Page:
Most dangerous ways to School – PERU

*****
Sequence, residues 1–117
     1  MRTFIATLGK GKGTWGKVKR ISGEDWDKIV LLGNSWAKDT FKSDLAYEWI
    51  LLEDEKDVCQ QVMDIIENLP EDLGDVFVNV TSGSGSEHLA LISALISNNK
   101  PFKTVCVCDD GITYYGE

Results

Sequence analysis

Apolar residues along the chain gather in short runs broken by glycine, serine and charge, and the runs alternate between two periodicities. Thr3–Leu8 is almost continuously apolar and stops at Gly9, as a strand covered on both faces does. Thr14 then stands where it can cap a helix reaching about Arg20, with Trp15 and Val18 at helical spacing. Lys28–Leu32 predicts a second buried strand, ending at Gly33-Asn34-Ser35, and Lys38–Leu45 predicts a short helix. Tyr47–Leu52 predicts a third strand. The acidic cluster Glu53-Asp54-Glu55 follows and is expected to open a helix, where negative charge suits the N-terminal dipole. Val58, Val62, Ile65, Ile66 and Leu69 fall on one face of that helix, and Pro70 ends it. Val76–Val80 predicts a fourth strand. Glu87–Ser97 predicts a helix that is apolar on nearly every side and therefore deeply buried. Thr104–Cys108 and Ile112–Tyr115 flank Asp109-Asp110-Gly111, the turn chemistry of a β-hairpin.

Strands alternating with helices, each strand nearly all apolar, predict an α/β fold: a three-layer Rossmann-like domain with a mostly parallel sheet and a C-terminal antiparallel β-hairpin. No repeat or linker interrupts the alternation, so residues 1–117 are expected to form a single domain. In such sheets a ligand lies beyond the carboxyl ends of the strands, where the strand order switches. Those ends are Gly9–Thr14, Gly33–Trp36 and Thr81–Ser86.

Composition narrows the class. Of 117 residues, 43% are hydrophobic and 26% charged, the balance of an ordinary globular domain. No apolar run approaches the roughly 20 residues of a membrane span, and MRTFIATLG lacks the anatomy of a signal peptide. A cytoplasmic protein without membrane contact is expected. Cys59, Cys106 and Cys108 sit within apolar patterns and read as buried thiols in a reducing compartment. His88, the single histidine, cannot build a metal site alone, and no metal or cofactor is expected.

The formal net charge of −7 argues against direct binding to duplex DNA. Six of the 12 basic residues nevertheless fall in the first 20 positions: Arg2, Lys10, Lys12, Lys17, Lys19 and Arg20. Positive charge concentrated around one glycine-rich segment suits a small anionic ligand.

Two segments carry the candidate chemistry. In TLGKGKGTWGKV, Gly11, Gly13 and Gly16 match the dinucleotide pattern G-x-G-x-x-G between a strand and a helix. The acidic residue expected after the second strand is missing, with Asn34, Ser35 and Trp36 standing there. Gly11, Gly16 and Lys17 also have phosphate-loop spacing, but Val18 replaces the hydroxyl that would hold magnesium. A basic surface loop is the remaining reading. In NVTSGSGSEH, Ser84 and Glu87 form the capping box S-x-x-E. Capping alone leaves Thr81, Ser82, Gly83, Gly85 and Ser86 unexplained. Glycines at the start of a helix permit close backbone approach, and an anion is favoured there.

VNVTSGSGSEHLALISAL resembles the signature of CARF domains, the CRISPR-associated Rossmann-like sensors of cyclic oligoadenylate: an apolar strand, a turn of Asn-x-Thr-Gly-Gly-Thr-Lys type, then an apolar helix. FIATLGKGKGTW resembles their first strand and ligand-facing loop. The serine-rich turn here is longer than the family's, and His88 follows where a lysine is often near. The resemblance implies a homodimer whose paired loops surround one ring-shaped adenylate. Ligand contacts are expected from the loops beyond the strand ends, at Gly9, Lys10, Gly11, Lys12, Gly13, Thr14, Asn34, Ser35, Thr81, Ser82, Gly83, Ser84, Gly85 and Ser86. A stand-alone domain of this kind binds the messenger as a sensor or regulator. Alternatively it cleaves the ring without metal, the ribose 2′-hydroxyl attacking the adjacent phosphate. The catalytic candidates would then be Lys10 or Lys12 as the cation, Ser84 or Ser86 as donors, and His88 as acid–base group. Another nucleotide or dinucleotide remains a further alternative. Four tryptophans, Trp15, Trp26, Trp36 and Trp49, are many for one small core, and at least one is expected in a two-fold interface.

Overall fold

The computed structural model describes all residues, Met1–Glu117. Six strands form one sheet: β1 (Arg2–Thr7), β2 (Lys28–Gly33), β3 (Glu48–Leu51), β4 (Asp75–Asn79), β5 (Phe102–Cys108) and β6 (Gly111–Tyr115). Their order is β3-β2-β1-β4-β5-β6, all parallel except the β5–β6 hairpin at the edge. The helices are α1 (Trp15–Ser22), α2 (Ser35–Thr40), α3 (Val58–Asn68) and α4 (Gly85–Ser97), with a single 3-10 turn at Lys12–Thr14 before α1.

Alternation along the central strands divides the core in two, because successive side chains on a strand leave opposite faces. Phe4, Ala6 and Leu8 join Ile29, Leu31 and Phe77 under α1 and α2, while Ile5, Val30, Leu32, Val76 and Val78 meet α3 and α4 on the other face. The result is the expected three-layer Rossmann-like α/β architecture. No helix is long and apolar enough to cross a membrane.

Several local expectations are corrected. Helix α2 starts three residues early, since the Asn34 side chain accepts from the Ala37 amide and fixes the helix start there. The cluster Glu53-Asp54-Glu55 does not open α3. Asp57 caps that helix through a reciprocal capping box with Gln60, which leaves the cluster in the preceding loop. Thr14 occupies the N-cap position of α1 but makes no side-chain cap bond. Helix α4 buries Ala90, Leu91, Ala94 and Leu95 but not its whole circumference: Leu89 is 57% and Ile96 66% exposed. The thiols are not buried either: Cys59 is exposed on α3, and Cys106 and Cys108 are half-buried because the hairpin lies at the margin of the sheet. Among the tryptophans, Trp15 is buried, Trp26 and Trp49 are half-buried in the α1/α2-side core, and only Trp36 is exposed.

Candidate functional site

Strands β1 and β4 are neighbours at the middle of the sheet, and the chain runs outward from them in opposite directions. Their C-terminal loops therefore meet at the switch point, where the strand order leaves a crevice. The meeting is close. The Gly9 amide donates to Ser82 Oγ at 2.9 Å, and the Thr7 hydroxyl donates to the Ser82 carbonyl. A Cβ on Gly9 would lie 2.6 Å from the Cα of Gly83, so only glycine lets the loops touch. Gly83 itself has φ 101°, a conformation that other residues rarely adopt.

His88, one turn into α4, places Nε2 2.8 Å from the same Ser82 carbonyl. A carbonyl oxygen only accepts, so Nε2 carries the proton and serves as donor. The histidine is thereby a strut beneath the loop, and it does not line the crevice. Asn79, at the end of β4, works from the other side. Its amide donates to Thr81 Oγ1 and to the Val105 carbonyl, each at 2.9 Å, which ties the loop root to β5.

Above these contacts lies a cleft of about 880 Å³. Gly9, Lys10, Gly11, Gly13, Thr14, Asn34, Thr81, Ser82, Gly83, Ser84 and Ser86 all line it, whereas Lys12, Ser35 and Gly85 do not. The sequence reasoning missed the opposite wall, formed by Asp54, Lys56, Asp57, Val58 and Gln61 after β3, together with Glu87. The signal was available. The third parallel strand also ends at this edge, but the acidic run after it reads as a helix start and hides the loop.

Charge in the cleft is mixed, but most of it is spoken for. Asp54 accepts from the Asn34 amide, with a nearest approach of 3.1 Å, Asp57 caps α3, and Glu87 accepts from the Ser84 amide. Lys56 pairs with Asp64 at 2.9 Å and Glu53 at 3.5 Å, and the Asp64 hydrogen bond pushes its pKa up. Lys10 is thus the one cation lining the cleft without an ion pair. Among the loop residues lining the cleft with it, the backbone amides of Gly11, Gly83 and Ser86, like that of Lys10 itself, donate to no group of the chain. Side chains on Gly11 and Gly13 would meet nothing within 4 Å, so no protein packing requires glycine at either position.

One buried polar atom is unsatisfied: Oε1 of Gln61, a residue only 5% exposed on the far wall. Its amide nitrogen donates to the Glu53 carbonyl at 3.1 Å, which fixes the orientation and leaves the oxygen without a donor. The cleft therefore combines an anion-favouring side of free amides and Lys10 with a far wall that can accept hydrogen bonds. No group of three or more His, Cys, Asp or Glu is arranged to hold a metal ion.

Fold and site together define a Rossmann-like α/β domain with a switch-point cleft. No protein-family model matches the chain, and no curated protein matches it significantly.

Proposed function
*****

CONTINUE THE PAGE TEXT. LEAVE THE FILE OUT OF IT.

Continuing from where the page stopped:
(engaging music) Presenter: We all know it, walked it everyday, but none of them were like these. The World’s Most Dangerous Ways to School, climbing, freezing, paddling for hours, all for the chance of a better life. Risky, spectacular, and sometimes just simply beautiful. The Most Dangerous Ways to School. Peru, Lake Titicaca, 3,800 meters above sea level, the world’s greatest mountain lake. On this lake two schools where children learn and fight for their dreams. But the way to school leads across infinite water and even the smallest children have to cope on their own. Almost daily, almost up to four hours of paddling and trudging through reeds, always battling with nature on one of the world’s most dangerous ways to school. (dramatic music) Five o’clock, the first rays of the sun break through the clouds above Lake Titicaca, Peru. A new day is dawning. (light piano music) A few miles away from the mainland, somewhat hidden between huge fields of totora reeds, about 50 families of the Uru clan, the native inhabitants of Lake Titicaca live together in the village community of floating reed islands. On each lives one family. At the first break of dawn the nine year old Mariella and her little sister Belinda get up. Still a bit drowsy they put on their traditional school uniform all by themselves. Their parents are out fishing. The elder siblings work on the mainland. Especially important, hair care, every morning the sisters copiously comb their hair and then braid it. That’s what the Indian tradition demands. (girls laugh) Because hair signifies strength, beauty, and life in the Uru culture it needs special attention. On the other side of the village something stirs too. Four year old Harold is an early bird, after all kindergarten is waiting, but the morning wash with cold lake water is not one of his favorite past times. The children’s colorful hats, are not only part of the traditional clothing, but also offer protection against the aggressive sun in this high mountain region. (engaging music) Far away from the village, a three hour long boat ride from the mainland, 11 year old Vidal and his family also get up at the break of dawn. They live in on a tiny, isolated island in the midst of the world’s greatest mountain lake. (rooster crows) But before Vidal can brace himself for his dangerous way to school, he must take of his family’s sustenance. Like every morning, he checks the fishing nets. Vidal has built his boat himself, which like almost everything else on this lake, is made of reeds. The water is only two meters deep here. The 11 year old pushes the boat forward with a long, wooden stick, for centuries this is how the Urus have been calmly navigating the lake. Especially in wintertime with it’s frosty temperatures, fishing is a tough job; on a lake which lies 3,800 meters above sea level. By tradition Vidal stands in for his father, who at this time of day is busy with other tasks. Due to the increasing water pollution over the last few years the yield hasn’t improved. Vidal is all the more delighted if he finds something in the net. (dramatic music) (speaks foreign language) -: [Vidal’s Translator] I like fishing a lot because then we could eat the fish, if something is left in the basket, my mother can trade it for something else on the mainland. Presenter: After work it’s time for the well deserved refreshment; the cooking and eating is done outdoors. Vidal’s mom prepares breakfast for the family of eight. She bakes traditional Uru bread. Their whole life takes place on a 30 square meter island with two little reed huts. None of the children have a room of their own. Vidal braces himself with reed blossom tea. He will need a lot of strength today, because Lake Titicaca with a total area of almost 8,300 square kilometers, which he has to cross on his way to school, is the largest navigable lake in the world. (dramatic music) At half past six, Vidal sets off on his adventurous journey to the Uru State Primary School. Two hours lie ahead of him, across the great lake, all by himself. (birds chirp) Two hours to get there and another two hours coming back in the afternoon. Since Vidal turned eight, he paddles to school on this long journey. It makes his mother Paulina nervous to see him vanish on the infinite lake. (speaks foreign language) -: [Paulina’s Translator] I’m very concerned when he sets off, what happens if he keels over? I don’t even want to think about it. Presenter: Most Uru children go together with a number of others in larger boats, so they can take turns. Vidal lives so far off that he has to go by himself but he has a goal. (speaks foreign language) -: [Vidal’s Translator] I really want to study, that’s why I travel so far. (dramatic music) Presenter: Slowly, Vidal pushes the boat forward. He has to ration his strength, but punting with a long, wooden rod is the most efficient and at the same time least tiring method to make way. But still it forces him to go to his limit. (intense dramatic music) It’s a long way, especially for an 11 year old. (engaging music) A few kilometers away, in the Uru village, the nine year old Mariella and her little sister Belinda, are still busy tying colorful, woolen pom poms to their braids. Only then are the girls ready to go. Mariella, likes going to school because she too has a dream. (speaks foreign language) -: [Mariella’s Translator] I want to study, medicine. Presenter: That’s why the nine year old takes on such a tough way to school. At 7 AM, she and her sister Belinda row off; an hour across the great lake lies ahead of the girls before they reach the private primary school. (dramatic music) (speaks foreign language) -: [Mariella’s Mother’s Translator] I’m afraid they might fall into the water. It has happened to Belinda, who luckily Mariella was able to save her. I thank heaven for that. Presenter: She is left with no choice but to let them go on their own, she and her husband have to work. (folk music plays) Mariella’s way stretches right through the village which is traversed by many bigger and smaller waterways. Sixty minutes of rowing, tiring for the nine year old, but also the daily routine. Her sister Belinda is lucky, being younger she gets to enjoy the boat ride. Mariella being the older had to take it on at an early age. (speaks foreign language) -: [Mariella’s Translator] I didn’t know how to row. My mother taught me when I was about five years old. In the beginning it was difficult, but when I turned six, it started to become easier. (rows paddle) Presenter: The 11 year old Vidal also learned rowing at an early age, most of the time he is far out on the lake completely by himself on his traditional reed boat. (speaks foreign language) -: [Vidal’s Translator] I like my boat because it is so easy to handle. To build it, we first dried the reeds, then we wattled the boat by weaving the two broad middle parts with the smaller parts that are used for the edge, and tied them together with nylon cords. To help the boat to float, we put empty plastic bottles in the middle part; to build the boat it takes me about two to three days. Presenter: The 11 year old is used to being on his own when he’s underway; only the men working in the reeds cross his way from time to time. Today he took a route leading him past his father Carlos, so they could say good morning to each other. (oars paddle) (speaking in foreign language) Since the break of dawn, the 40 year old harvests the tortora reed with a sort of scythe. He cuts the stems just above the root and drags them into piles. He wants to use a new harvest for the expansion of the island, only one of the many ways to use the reed on Lake Titicaca. (water splashes) (speaks foreign language) -: [Carlos’ Translator] For us on the lake, totora means life, we build our boats, our houses, our islands with it. We even eat it; we use totora for everything in our lives. (melancholic music) Presenter: With his harvest Carlos returns to his family island. The fresh reed provides the basis for the continuance of the family-owned island. Once a week, Carlos must do some repair work on their floating home, because the islands are fragile structures. (dramatic music) The Uru are the only inhabitants living on Lake Titicaca. After battles with other tribes they built their floating islands of reed and with these they fled onto the lake. In case of danger, they can move on along with their island whenever they wanted to. The islands float even to this day. The reed of which they consist rots from underneath and the rising foul gases keep the construction afloat. Today the Urus are more or less settled, they’ve made themselves at home on their bobbing islands. Still, almost everything is made of reeds. (engaging music) People live off the things the lake offers them. Fishing has always been the Uru’s main source of income; since they are a people of the water, they own no land to grow fruit or vegetables, and therefore have to trade a large part of their catch for other food at the lakeside. Vidal’s father Carlos also lives off fishing and built the island from reeds as is the custom. Since it rots from underneath, Carlos has pile up a fresh layer of totora again and again to prevent his family from getting from getting wet. But, it’s a race against time. After three years, repair work doesn’t suffice any more and Carlos builds a whole new island. Vidal’s father observes the sky. The dark clouds above the mountains worry him. The weather quickly veers over the huge lake and that signifies danger for his son. (speaks foreign language) -: [Carlos’ Translator] If clouds like these appear I always get a bit nervous. But the real problem is not the rain, it’s the wind. Presenter: Because the wind causes waves and for Vidal and his little boat that doesn’t mean ideal conditions. The change of weather normally happens around midday; these are the forebodings. (dramatic music) A few miles away in the Uru village, nine year old Mariella and her sister Belinda are rowing towards school. It’s windy here too, but the many islands provide cover and so the water is calmer. (speaking foreign language) -: [Mariealla’s Translator] If it’s very windy it becomes exhausting; sometimes the wind is so strong it blows me away and I drift off. (folk music plays) Presenter: Due to its size and location, Lake Titicaca is unpredictable. It lies on a high plateau between the Andes Mountains, at a height of 3,821 meters. Allegedly, the cradle of the legendary Inca civilization is to be found in the lake. According to legend, the gods created the first Incas here. They rose from the bottom of the lake. For many, a magical place. Today only the many ruins of temples testify to the existence of the ancient high civilization of South America. (engaging music) Mariella makes a stop on her way to school. After all the lake offers the students a special delicacy. (water splashes) The so called chullu, is the Uru children’s favorite food and can be found in the white insides of the totora reed. Mariealla and Belinda peel the reed and enjoy the fruit pulp. The children love chullu because it tastes slightly sweet. It contains many important minerals and also bleaches teeth. The reason why the Inca’s offspring often have this sparkling white smile. (speaks foreign language -: [Mariealla’s Translator] I like the chullu from a reed, it’s so yummy, ’cause it’s sweet. It also gives me strength so I can row. Presenter: Vidal too takes a detour into one of the reed fields on his way to school. He how rows however into the closely intertwined totora reed, he’s looking for nesting water birds, which he wants to bait. (reeds rustle) Only those like Vidal who are very familiar with the reed find their way, many have gone astray. It takes a lot of effort even if one knows the place. (reeds rustle) (water splashes) Sometimes the 11 year old gets stuck even with his narrow boat. He tries to free himself by rocking the boat with his feet. (water splashes) Finally, Vidal spots a nest full of fresh eggs. (speaks foreign language) -: [Vidal’s Translator] When I go looking for nests I just go into the reed by instinct and keep searching. Presenter: But Vidal is not really interested in the eggs; his plan, he wants to catch the parents. They are the only source of meat for the Urus and therefore especially precious. Only if Vidal catches something will his family have a meal other than fish for a change. The ducks are supposed to get caught in these nylon snares; carefully Vidal puts the eggs back into their nest. The parents will only return if the clutch is full. On his way back from school, Vidal will check his trap. Freshly invigorated, Mariella and Belinda continue their way to school. Since the Urus always help one another, a little stopover is also on the agenda today. (engaging music) The girls pick up four year old Harold and row him across to his kindergarten. In the village community the older children often collect younger ones and thus share the ride. (oars splash) Quite some responsibility for a nine year old. Especially since they are now on the busy main channel of the village with plenty of traffic. (speaks foreign language) -: [Harold’s Father’s Translator] I’m worried when Harold goes with the girls. What happens if he falls in or an accident occurs. There’s so much traffic in the morning. That’s why and bring him as often as possible myself. Presenter: Harold doesn’t know how to swim. Most children learn to swim in school. Mariella rows as careful as possible. A couple of times she almost collided with other boats. More and more Urus in the village own fast motorboats. The children with their wooden punts, barely stand a chance. (speaks foreign language) -: [Mariella’s Translator] I’m afraid of a collision because we would instantly sink. (dramatic music) Presenter: Mariella has made it through the busy traffic and safely delivers Harold at his kindergarten island. (engaging music) The girls wait ’til the four year old has safely reached the building. Per year, three little drown in the village falling off the island while playing. (engaging music) Then the girls move on at all costs they want to reach school which lies at the far end of the village long before the actual lessons start. Meanwhile, Vidal has been has been on his way for one and a half hours now. His way to school leads him across the fields of reed which in some places is traversed by fully-fledged waterway networks. (oar paddles) (speaking foreign language) -: [Vidal’s Translator] I never get lost in the reed; I simply use the sun for my orientation. (water splashes) Presenter: And so the 11 year old continues to cut his way through the many canals in the reed. Undeterred, by more than 90 minutes of his tiring way. (water rustles) (engaging music) After a good hour Mariella has nearly made it. She and her sister safely arrived at the private primary school. Fellow students from all over arrive in dribs and drabs; this is the best moment of the whole day for Mariella. Because here at school she meets her girlfriends, can’t let go of her responsibility of an an older sister, and simply be a child again. (engaging music) A whole hour before school starts, the girls meet because they’ve got something to do before the serious side of life begins, every morning before school; they practice swimming together. The fact that the water is only 12 degrees Celsius, only bothers Mariella and her friends in the beginning. (engaging music) But the Mary splashing around has a serious background. Learning how to swim is essential for the children’s survival on the lake. (dramatic music) But they don’t have proper sports lessons where they would get confident instructions. After half an hour the nine year old has had enough of the cold water for the time being. (water splashes) Finally, Vidal has also almost made it. The State Primary School is in sight. He’s been on his way for a good two hours now and is tired, but is also happy to be there and meet his friends. (melodramatic music) The children arrive from all sides. Some are delivered by their parents; others have shared a reed boat standing up because they only had a short way to school. (engaging music) A quick spit-bath in the lake, and then it’s finally time to enter the schoolyard. The first steps in more than two hours for Vidal and although his way to school is so tiring, he’s glad he’s able to be here. (engaging music) (speaks foreign language) -: [Vidal’s Translator] Here I can have fun and be with my friends. Whether reed island or not just like everywhere else the schoolyard is the place where children can charge around. It offers much more space than the islands at home. At last, the children can run around. But even if most of them have had their fair share of the sportiness, the delight in foolishly charging around is unaffected by it. (playful music) The teachers pence among them, already peer around for their teachers and rush to their welcome. Vidal’s teacher, Senora Condori, also has a long way to school, she comes from the mainland, and it took her one and a half hours to get there, with a motorboat however. At 9 o’clock sharp the 40 students start lessons with a morning assembly. (chants in foreign language) Vidal and his fellow students sing the Peruvian national anthem, slightly out of tune, but always fervently. (children sing) Off to the two classrooms. Two age groups are taught together in one classroom each since there are only two teachers. Not the only handicap that state school has to deal with. (speaks foreign language) -: [Female Translator] Many of my students come from far away islands, for them it is physically very tiring to row the boats and often the children had little or no breakfast. So when they arrive; they’re already very exhausted, which makes it harder for them to learn and to concentrate, that’s why the level at this school is lower than on at Puno, on the mainland for example. (children clamoring) Presenter: Nevertheless the teachers try to bring their syllabus across. The timetable begins with math as first lesson. Even if boring for some, it’s Vidal’s favorite subject, he wants to become an engineer. It’s geometry today, Senora Candori, has to teach third and fourth grade together, and always make sure they all understand. Even in math, the ever-present reed plays a role. (speaks foreign language) The pieces of totora are wonderfully suited to illustrate the polygons the teacher showed at the blackboard earlier on. A few miles away in the Uru village, the private primary school has also started at nine a clock sharp. Mariella’s schools is run by the religious community of Adventists, however religious education plays a minor role. (engaging music) The teacher follows the ordinary national curriculum, reading, writing, arithmetic, and geography are the main subjects. Right now Mariella and her fellow students are struggling with Spanish syntax. (engaging music) Also in Vidal’s school, it’s time for Spanish lessons. As opposed the population on the mainland, the Uru speak a distinct language of their own. The so called Aymara, they have to learn Spanish from scratch. (speaks foreign language) -: [Teacher’s Translator] For the children it is very important to learn Spanish, because in the towns on the mainland like Puno, and everywhere else Spanish is spoken almost exclusively. They people speaking Aymara are often discriminated against so I encourage the students to learn Spanish. (whistles) Presenter: 12 o’clock, break. Time for lunch; there is nothing to be bought on the school island, so all the mother’s give their children something to eat to take along. Since some have more than others the children share their food so everyone gets what he likes. Vidal loves fish and rice. The girls prefer grilled beans even if they are a bit stony. (engaging music) Whoever is thirsty afterwards simply serves himself from the lake, drinking with their own special technique. (water splashes) The teacher, Senora Condori, always checks the sky around noon, because here on the plateau there is often a sudden change of weather around 12 o’clock. (speaks foreign language) -: [Teacher’s Translator] The biggest problems here are the thunderstorms and the wind, especially in the afternoon, it’s dangerous. Because just when our children head off for home, often we have a change of weather. If we see that the weather will worsen, we finish school early so the children can get home reasonably safe. Presenter: For the moment the weather doesn’t look too bad but what it will be like when the children head back home nobody knows. After half an hour the break is over and this Spanish test awaits them. Nothing escapes Senora Condori’s stringent gaze. Even if the children try to cheat a little. Spanish is not exactly Vidal’s best class and he’s dragging behind a bit in the subject matter. (speaks foreign language) -: [Teacher’s Translator] Vidal is a very active student, he takes part in everything, and being one of the older students, he even sometimes helps me teach the other students, but I worry about him, because at the moment, especially on Fridays, he often misses school, his parents want him to stay at home and help because his older brothers have all left home already and have their own families. And so they often expect Vidal to land a hand at home and help sustain the family, that’s very difficult for him. Presenter: The tests are corrected immediately as almost every where in the world the girls are done first and are anxiously awaiting their results. (dramatic music) Vidal and his desk neighbors are still struggling with the questions. (engaging music) For Vidal the test is quite important. The last one he flunked badly. (speaking in foreign language) Presenter: This time he at least got 14 of 20 points. He can be proud of himself. At 2 PM, school is over, after five hours of school it’s time to go back on the long and dangerous way home. (suspenseful music) (speaking foreign language) -: [Vidal’s Translator] The way much back is much harder because I’m already tired and often the wind is blowing in the afternoon. Presenter: All on his own again, Vidal rows towards his parents isolated island. (engaging music) The weather seems to keep up. Mariella’s school is over too, depending on which direction they’re heading to, the children share rides. (speaking in foreign language) Presenter: Mariella’s and Belinda’s island lies at the far end of the village; the two of them row home together. Vidal can’t take the shortest route home. He wants to check the trap he set in the morning at the duck nests. (oars paddle) Again he navigates his little boat right into the tortora reed. He has to concentrate in order to recover his snares in the midst of the infinite tangle of reed. (oar paddles) But after a quarter of an hour right through the reed he finds the nest, with a dead duck inside. (speaks foreign language) -: [Vidal’s Translator] It’s important I catch something because that’s the only meat we have. (melancholic music) Presenter: Vidal takes the remaining egg back homme. He will hatch it home. The sisters have picked up little Harold from kindergarten and bring him home on their way back. He may play the rest of the afternoon. (engaging music) Theoretically, Vidal only has a half an hour left, but the wind has grown stronger and he is unable to find protection in the canals. Like it or not he has to cross the wide open space in order to get home. (water rustles) The 11 year old struggles to keep balance. (speaks foreign language) -: [Vidal’s Translator] I have to be careful, if I move too much I could fall over. (suspenseful music) Presenter: Vidal is exhausted but still has quite a long way to go. Because the village is close by; the water is calm where the girls are. Since nine year old Mariella has been rowing the whole time on the way there, it’s now Belinda’s turn. She is supposed to learn how to steer the boat by herself. Next year Mariella will have finished primary school, the little one is already quite capable of the movement sequences, but she is careless and doesn’t pay attention to the other boats. To Belinda the whole thing seems like a game. She will have to practice a while before being allowed to row by herself. She’s got half a year before she has to go on the water on her own, and Mariella is off to secondary school. (engaging music) (dramatic music) It’s extremely tiring to row against the wind and the waves, but Vidal must keep concentrating or else he will keel over. (suspenseful music) Water swashes into his reed boat. Again and again, he has to stop and bail it out. His arms burn but it is already past 4 o’clock and because the equator is so close, the sun goes down within half an hour. The student must not slow down. Finally, his home island comes to the fore. A moment that always liberates extra strength in Vidal. (speaks foreign language) -: [Vidal’s Translator] As soon as I see our house I know it’s almost over, just a bit more. (engaging music) Presenter: Shortly before sunset Vidal reaches home after two and a half hours soaking wet. He was away for ten hours. He doesn’t arrive empty handed. His catch means that his family can finally eat some meat after 10 days. But his mother Paulina takes only little interest in the duck, she is so pleased her son has made it across the huge lake unscathed. (speaking foreign language) -: [Paulina’s Translator] I’m always worried until he is back and then I try and warm him up with a jacket and a warm soup. Presenter: Mariella and Belinda have also arrived safely at home in the village, like good girls they quickly do their homework. Mariella does math and Belinda is drawing. Little Harold is put to bed by his mother, but also he has to do some reading exercise before he goes to sleep. Exhausted by a long day. Vidal and his family warm up by the fire in the last sunset light, and are feeding the hatchlings; he knows why he endures his tough way to school. (speaks foreign language) -: [Vidal’s Translator] I do this every day because otherwise I would not be able to study. I am lucky, my older brother couldn’t go to secondary school but my mother told me that I’ll be allowed to study and that just makes me happy. Presenter: And so again tomorrow Vidal will row for four hours across the largest mountain lake in the world, for his dream of a better future, he will endure even the longest way to school. (engaging music)